Running economy is now considered to be one of the critical factors to increase endurance performance. In fact, many exercise scientists and coaches argue that it is a stronger determinant than VO2max. While in the past slow, long-distance workouts were often used to improve running economy, studies now suggest that plyometric workouts could be the key.
By way of definition, running economy is a measure of efficiency and is calculated by the volume of oxygen relative to body weight that a person needs in order to run at any given speed. Someone with a high running economy has a lower energy demand and requires less oxygen to maintain a faster speed.
Running economy can be improved by maximizing muscle recruitment through the use of more muscles to increase force. However, athletes face the challenge of recruiting as few muscle fibers as possible in order to lower the total amount of oxygen needed in their muscles, explains coach and exercise physiologist Dr. Karp.
Efficient training is needed to resolve this seeming paradox. While aerobic workouts are useful for improving running economy, plyometrics take the athlete to the next level.
Maximum Force in Minimum Time
Plyometrics are exercises designed to allow muscles to reach maximum force in the shortest possible time by combining speed and strength. In a study by Paavolainen et al, explosive strength was discovered to lead to significant neural adaptations such as an increased rate of motor-unit activation. With plyometrics, an athlete’s muscle force can be optimized by heightening the rate of motor-unit stimulation and by increasing the number of motor-unit activations.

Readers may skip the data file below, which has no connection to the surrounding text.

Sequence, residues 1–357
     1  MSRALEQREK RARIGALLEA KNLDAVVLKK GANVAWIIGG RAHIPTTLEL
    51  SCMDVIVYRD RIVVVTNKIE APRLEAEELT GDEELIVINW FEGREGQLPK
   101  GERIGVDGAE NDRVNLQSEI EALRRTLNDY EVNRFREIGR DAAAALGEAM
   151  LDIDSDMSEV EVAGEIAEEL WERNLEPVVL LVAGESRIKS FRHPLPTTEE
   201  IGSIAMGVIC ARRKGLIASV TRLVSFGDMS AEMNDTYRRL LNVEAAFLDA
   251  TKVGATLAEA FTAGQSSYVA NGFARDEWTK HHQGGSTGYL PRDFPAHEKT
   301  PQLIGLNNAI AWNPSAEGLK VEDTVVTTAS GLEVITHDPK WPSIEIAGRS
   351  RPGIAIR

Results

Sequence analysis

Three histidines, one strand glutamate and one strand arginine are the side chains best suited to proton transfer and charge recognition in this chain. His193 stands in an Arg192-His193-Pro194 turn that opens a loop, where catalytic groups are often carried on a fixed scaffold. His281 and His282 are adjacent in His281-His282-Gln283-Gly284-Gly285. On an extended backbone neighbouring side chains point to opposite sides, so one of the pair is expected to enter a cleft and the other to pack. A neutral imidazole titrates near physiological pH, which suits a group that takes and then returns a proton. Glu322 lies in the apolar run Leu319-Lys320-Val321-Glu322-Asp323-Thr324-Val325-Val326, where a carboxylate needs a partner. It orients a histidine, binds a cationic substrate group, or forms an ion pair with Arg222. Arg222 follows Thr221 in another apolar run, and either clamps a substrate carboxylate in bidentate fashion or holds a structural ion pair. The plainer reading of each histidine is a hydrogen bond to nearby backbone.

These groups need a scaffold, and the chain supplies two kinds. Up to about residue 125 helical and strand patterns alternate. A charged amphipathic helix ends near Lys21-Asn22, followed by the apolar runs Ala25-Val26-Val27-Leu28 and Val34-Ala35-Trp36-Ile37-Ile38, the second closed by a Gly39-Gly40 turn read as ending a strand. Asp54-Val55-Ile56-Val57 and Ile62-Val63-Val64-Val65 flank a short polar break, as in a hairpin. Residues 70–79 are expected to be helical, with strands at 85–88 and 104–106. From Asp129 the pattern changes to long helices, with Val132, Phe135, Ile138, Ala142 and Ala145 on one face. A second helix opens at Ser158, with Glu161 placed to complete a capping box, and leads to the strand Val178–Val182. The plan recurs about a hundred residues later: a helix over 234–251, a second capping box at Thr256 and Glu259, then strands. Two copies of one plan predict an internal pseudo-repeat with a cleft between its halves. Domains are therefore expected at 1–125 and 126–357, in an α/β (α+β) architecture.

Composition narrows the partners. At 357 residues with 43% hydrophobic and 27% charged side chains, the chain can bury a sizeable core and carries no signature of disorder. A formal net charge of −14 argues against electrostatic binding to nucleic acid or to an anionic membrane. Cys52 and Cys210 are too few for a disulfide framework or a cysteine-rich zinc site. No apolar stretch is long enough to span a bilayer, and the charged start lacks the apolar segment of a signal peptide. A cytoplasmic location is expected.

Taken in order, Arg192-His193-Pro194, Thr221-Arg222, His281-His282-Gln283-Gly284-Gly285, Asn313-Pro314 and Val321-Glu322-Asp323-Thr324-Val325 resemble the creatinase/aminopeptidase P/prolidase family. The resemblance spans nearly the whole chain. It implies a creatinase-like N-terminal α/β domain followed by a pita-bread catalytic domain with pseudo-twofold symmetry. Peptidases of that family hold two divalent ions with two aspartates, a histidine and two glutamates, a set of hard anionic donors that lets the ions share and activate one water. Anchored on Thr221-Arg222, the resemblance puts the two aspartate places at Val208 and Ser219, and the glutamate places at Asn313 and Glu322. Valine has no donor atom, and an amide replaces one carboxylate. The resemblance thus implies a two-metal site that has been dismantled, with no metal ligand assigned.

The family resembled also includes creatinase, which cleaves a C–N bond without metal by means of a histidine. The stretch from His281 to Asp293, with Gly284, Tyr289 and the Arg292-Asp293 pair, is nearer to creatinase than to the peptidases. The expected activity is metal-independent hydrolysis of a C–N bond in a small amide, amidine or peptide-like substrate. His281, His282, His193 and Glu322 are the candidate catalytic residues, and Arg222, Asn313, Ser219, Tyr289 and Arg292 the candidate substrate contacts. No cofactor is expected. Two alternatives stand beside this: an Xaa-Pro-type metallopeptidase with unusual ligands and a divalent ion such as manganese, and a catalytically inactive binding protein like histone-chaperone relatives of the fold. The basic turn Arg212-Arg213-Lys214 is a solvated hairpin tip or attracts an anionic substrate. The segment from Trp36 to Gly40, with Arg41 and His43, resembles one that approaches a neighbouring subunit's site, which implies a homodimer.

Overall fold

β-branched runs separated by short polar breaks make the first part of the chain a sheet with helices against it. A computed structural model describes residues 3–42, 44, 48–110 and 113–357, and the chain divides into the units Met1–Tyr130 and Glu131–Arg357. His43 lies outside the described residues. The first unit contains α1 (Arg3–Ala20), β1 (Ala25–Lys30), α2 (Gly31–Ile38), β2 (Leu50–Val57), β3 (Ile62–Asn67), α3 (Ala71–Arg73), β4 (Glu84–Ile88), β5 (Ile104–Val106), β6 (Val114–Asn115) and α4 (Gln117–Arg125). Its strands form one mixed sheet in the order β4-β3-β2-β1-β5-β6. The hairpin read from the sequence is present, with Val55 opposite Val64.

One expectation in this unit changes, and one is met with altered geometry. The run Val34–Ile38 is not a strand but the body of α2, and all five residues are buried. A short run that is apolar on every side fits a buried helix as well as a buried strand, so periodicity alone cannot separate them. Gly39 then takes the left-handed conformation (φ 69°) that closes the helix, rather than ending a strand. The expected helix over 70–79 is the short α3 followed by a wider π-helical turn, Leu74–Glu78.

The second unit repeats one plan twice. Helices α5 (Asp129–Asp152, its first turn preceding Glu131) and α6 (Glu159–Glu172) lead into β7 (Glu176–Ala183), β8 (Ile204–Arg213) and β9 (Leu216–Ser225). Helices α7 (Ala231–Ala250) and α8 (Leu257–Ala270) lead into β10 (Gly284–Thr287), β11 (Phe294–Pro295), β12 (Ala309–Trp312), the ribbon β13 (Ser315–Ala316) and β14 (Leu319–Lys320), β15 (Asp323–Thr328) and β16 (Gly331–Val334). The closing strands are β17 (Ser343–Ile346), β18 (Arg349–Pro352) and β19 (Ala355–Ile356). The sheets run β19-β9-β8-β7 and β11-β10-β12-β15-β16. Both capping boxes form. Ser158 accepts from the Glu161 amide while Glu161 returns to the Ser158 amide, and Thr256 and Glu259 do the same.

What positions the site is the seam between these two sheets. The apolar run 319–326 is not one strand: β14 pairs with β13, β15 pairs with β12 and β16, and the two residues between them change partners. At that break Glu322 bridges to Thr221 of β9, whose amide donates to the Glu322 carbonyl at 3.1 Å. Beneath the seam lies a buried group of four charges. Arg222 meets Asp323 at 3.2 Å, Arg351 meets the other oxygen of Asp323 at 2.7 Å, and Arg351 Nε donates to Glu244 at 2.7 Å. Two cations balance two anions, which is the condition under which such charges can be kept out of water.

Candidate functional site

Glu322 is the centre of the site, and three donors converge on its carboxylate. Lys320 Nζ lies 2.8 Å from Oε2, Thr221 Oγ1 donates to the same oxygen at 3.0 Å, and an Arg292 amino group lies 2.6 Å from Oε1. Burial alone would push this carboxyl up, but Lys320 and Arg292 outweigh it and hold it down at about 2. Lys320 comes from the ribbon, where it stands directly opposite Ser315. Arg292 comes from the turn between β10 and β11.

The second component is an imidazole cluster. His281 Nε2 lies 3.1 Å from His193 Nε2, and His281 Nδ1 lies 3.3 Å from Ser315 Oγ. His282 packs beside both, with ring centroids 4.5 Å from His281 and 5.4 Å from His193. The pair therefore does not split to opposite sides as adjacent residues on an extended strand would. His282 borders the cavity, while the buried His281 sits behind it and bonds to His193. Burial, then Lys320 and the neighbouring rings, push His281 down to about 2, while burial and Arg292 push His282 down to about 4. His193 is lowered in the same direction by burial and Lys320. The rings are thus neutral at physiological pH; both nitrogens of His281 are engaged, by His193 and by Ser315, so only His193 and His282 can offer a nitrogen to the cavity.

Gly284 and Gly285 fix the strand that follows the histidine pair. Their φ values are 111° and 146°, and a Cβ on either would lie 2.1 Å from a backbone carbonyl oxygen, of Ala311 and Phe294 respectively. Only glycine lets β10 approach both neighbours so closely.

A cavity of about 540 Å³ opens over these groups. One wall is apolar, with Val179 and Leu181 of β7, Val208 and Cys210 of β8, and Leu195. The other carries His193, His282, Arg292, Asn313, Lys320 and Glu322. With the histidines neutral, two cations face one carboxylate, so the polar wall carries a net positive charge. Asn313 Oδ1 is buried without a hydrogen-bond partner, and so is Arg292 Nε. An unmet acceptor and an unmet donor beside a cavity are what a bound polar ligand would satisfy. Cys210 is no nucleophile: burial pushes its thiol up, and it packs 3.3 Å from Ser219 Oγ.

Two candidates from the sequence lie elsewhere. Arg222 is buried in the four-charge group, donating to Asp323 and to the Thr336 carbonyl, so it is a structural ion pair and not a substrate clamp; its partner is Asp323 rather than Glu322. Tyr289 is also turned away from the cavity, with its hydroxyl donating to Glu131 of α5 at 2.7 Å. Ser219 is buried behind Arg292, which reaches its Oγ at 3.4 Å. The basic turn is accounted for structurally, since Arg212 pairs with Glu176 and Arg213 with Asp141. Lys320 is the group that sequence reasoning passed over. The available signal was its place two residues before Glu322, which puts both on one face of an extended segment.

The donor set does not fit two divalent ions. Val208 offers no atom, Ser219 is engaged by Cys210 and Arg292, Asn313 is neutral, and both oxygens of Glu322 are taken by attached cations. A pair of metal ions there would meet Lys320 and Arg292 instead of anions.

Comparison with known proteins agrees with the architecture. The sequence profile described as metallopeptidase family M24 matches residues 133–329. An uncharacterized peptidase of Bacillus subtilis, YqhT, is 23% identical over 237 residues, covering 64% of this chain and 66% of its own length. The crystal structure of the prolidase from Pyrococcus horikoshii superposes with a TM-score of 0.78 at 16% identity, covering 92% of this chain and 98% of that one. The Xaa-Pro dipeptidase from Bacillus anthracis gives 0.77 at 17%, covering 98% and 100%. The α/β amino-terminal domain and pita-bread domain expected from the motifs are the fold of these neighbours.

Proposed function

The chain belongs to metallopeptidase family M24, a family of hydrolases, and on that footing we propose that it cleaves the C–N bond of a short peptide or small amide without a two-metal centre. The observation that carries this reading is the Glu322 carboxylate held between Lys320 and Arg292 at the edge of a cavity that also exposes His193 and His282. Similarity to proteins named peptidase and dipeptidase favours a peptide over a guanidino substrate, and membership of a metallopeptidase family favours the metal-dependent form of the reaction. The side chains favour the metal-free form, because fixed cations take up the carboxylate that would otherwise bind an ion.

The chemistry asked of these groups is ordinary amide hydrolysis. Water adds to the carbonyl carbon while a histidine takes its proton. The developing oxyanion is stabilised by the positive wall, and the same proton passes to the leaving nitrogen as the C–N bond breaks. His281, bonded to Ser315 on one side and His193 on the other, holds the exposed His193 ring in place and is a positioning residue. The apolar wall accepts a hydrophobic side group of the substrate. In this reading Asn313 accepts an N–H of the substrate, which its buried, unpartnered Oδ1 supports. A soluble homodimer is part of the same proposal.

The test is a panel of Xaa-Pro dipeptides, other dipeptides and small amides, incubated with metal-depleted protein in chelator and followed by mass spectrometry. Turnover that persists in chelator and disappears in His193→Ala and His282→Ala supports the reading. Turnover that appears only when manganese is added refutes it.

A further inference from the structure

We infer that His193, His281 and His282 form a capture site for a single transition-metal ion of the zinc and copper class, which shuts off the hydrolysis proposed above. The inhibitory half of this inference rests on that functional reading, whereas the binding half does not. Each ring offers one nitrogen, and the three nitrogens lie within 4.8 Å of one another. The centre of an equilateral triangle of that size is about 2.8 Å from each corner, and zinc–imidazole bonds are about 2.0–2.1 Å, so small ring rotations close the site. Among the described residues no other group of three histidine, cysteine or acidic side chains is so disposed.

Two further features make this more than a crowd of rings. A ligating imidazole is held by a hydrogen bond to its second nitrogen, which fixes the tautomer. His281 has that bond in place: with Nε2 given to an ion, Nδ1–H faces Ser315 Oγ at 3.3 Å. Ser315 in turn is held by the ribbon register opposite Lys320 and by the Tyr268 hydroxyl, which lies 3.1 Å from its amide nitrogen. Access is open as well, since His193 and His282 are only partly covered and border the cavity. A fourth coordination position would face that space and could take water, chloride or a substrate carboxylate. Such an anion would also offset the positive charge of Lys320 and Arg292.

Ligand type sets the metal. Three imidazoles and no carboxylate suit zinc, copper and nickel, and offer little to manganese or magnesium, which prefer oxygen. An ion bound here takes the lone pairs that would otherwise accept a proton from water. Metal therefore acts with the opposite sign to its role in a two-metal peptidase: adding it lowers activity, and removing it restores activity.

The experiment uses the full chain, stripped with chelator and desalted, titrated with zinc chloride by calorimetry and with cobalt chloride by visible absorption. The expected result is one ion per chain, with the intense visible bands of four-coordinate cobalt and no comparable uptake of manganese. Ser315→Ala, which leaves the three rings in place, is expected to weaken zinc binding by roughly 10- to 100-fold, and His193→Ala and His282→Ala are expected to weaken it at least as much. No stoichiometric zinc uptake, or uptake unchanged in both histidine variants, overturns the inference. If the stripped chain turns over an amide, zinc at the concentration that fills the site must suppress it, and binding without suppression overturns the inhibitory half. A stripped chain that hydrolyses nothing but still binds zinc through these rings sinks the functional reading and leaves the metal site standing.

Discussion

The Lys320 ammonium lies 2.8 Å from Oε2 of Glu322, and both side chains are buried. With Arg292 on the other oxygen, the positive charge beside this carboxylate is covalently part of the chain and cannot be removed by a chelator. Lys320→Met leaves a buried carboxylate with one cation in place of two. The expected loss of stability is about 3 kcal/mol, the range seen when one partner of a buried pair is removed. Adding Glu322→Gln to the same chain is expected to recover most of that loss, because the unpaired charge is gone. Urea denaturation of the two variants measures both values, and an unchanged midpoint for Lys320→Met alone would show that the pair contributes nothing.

Studies have shown that optimal muscle recruitment can be attained through plyometric exercises with effects taking place in as little as two months of training. As Dr. Karp explains, this is because plyometric exercises work on the elastic properties of muscles and tendons to utilize energy pushing off from the ground. Plyometric exercises then lead to an increase in the rate that muscles can produce force, in turn improving the body’s ability to maintain oxygen at any given speed.
Marathon runner David Jankowski is a case study of an athlete who has incorporated plyometrics into his exercise regime. After doing so, Jankowski noticed a significant increase in overall performance as well as a change in stride from a formerly-loping step to a more bouncy movement. Improvements in speed and endurance led to a decrease of 14 seconds in his 1500m run time.
Another study published in the Journal of Strength and Conditioning tested the effect of plyometrics on running economy through a group of distance runners. Half of the runners spent eight weeks training with plyometrics, while the other half focused on weight training. By the end of the experiment, the plyometrics training group had seen significantly larger improvements in their running economy compared to the weight lifters.
While competitive athletes will always rely on some level of lower-intensity continous training, research shows that plymetric exercises can efficiently improve one of the critical determinants of endurance performance, running economy.